Photographers starting their career might do two wrong things: listen too much to worn out strategies and spend too much time online. Learn to keep away from temptation!
“The truth is there’s a lot of business advice out there that needs to be ignored” was a note I retained from Corwin Hiebert words. A second one, equally important, was that ” most photographers waste a lot of time online”. These two pieces of information were presented to me during a recent interview with Corwin Hiebert, business manager of photographers as David duChemin and Dave Delnea. Because I think they're important, I decided to publish them here with some notes about my own experience on social networks.
This interview came in the sequence of a new book from Corwin Hiebert, Living the Dream – Putting Your Creativity to Work (and getting paid) published recently. In the interview Corwin Hiebert says that “photographers are beat over the head to get active online. Categorically that advice isn’t bad but social media is a huge time suck and most photographers waste a lot of time online. Your target market isn’t likely to be paying very close attention to your social activity and no one will pay attention to pushy, social-like marketing tactics; especially the desperate sounding ones. If you want to have an impact online then decrease the amount of time you spending on Facebook, Twitter, and Google+ and when you do log on, use that time more wisely. Referral opportunities are out there and buyers can often come from the strangest of places but whoring oneself out to their social network is a colossal waste of time. Be more focused and strategic when sharing online, make people curious, engage with humans instead of trying to self-promote, and then log out and move on.”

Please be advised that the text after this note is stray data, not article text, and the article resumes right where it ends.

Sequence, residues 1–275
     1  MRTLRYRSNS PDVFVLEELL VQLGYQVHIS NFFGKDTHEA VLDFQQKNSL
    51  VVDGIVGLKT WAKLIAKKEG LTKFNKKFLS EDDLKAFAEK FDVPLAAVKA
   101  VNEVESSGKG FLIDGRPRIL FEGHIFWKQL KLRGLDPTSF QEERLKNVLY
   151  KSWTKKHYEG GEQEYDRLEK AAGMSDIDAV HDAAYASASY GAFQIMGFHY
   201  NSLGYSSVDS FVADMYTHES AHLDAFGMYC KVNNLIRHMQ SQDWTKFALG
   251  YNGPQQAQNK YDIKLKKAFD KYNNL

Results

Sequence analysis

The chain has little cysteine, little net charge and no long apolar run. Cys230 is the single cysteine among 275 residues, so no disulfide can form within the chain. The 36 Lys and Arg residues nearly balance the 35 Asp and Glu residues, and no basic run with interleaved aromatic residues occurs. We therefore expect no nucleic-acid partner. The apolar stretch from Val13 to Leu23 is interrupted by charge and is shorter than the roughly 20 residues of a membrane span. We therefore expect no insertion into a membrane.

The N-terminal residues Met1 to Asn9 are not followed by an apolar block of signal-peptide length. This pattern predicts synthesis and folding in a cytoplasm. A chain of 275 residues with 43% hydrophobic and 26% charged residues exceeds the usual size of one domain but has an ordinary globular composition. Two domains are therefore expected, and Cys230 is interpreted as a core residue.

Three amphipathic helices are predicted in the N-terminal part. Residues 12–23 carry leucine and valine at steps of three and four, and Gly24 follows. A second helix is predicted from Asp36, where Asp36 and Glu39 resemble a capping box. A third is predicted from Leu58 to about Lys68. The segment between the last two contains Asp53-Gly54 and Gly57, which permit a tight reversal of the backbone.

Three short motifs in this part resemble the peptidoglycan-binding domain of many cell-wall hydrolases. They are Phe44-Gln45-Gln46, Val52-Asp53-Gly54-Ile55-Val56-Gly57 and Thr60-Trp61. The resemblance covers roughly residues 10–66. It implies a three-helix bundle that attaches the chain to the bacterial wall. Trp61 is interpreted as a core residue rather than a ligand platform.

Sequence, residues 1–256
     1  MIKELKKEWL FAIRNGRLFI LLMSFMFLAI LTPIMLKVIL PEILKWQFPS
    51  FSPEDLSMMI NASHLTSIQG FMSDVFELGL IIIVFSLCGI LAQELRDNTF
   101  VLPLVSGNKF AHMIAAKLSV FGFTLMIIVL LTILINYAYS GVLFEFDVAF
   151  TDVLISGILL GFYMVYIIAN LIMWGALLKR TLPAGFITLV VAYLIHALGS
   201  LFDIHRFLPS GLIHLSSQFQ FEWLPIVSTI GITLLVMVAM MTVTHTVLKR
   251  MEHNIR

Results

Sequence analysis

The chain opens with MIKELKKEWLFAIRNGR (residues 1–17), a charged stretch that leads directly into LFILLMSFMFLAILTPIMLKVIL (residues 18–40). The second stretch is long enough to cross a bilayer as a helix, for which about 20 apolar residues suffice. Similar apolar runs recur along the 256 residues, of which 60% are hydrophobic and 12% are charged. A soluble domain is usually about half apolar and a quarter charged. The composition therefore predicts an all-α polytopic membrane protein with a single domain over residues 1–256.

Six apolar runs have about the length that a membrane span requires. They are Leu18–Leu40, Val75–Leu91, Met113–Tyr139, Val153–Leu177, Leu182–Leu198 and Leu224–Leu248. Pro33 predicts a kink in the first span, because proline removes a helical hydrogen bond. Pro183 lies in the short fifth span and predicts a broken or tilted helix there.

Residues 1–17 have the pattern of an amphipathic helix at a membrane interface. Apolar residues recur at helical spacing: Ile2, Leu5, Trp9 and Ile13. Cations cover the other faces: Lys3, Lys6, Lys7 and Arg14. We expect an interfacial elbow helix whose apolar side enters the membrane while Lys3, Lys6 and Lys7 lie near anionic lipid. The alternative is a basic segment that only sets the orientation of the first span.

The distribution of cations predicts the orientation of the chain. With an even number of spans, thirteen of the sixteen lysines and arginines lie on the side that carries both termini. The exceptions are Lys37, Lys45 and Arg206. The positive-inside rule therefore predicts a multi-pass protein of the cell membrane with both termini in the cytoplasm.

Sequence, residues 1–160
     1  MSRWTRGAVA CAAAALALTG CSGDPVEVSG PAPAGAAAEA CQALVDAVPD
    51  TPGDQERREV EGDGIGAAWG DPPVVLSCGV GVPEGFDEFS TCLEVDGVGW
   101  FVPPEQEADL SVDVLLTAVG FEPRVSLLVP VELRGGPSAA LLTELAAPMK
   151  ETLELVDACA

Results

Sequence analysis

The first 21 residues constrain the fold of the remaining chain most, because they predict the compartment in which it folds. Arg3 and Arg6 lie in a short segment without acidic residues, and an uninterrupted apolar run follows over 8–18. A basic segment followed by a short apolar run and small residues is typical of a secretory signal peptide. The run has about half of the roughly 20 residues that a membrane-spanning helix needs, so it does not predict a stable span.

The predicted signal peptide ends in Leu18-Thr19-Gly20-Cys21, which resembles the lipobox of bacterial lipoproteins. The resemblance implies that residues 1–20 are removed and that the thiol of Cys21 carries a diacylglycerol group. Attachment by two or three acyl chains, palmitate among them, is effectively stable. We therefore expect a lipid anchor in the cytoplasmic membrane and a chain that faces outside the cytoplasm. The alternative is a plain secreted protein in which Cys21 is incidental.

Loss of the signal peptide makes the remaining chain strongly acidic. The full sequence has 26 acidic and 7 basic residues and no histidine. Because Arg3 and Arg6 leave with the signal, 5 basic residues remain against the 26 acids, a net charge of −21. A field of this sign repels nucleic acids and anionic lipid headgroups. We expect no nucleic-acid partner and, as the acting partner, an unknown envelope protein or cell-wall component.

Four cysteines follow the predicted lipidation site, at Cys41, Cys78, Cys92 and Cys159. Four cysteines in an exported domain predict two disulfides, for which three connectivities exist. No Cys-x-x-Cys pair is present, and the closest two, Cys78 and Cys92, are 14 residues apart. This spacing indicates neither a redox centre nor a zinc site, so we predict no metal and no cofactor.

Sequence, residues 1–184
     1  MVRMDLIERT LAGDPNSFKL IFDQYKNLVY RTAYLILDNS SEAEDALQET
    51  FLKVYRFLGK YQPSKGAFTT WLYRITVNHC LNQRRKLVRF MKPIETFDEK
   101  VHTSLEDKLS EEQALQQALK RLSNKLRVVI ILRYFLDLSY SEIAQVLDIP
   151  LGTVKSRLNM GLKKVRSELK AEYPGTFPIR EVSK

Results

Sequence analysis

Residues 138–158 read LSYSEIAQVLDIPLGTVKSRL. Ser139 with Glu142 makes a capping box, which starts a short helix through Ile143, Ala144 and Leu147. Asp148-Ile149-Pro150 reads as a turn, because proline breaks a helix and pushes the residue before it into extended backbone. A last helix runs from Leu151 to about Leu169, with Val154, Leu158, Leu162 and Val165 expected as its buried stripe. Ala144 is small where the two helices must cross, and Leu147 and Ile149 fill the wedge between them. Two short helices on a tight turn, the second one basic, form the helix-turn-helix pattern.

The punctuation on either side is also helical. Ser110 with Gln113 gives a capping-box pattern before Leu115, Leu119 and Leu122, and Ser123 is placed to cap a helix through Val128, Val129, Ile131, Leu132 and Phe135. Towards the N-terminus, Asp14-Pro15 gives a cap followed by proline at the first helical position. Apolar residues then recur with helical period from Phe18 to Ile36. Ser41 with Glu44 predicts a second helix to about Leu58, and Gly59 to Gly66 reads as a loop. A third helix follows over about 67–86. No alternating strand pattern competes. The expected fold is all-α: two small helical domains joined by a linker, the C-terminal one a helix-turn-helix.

This may be a sound advice for so many photographers that seem to be always online, always connected, and then, at the end of the day, state they had not enough time to get everything done. I talk from my own experience, not as being online excessively, but on my sound practice of not being connected to social networks all the time. When I am writing I am usually not available, I check in multiple times during the day but disconnect again. I also do not have Messenger or any of those time consuming chat software people seem to not be able to live without these days. I praise my silence and solitude when I am writing. And photographing too.
I also prefer to not have full access to the Internet on my smartphone, but only when I come to a Wi-Fi spot offering free access. Even then it is only to check email and web pages if I need to. I do not have FB or any social experience on all the time nor in my smartphone neither at home. In fact, it's only since 2010 I started to use FB, Twitter and more recently Google +, and only for professional reasons: it helps me to pass my message on to people. I may spend some time online checking stuff, but I try not to lose time following thread after thread of conversation. Most of it is complete nonsense and a perfect waste of time.
Still, there are good things on social networking and the Internet. We can look beyond the end of our own street, and find interesting people with whom we share interests and projects. The web made it easy for me to connect with photographers as Paul Harcourt Davies, whom I invited to write some articles for my online emagazine, and so have the chance, this month, to publish an article for young photographers intending to go the professional way in nature photography. Titled Following Dreams and Trying to Survive it is a “must read” piece of writing, that draws on Paul's own experience to point the pitfalls of thinking it is easy to be a professional photographer.
My professional relation with Corwin Hiebert and Paul Harcourt Davies shows the potential of online networking. In fact, I can say I've had mostly good experiences in these three years of networking. I've met a lot of interesting people with whom I've been able to explore projects. That's a gratifying experience. The recent interview with Corwin Hiebert and the article written by Paul Harcourt Davies are both the result of a good networking usage. They offer readers some information that might be useful for setting their own path in photography. Use the links to read them if the subjects interests you.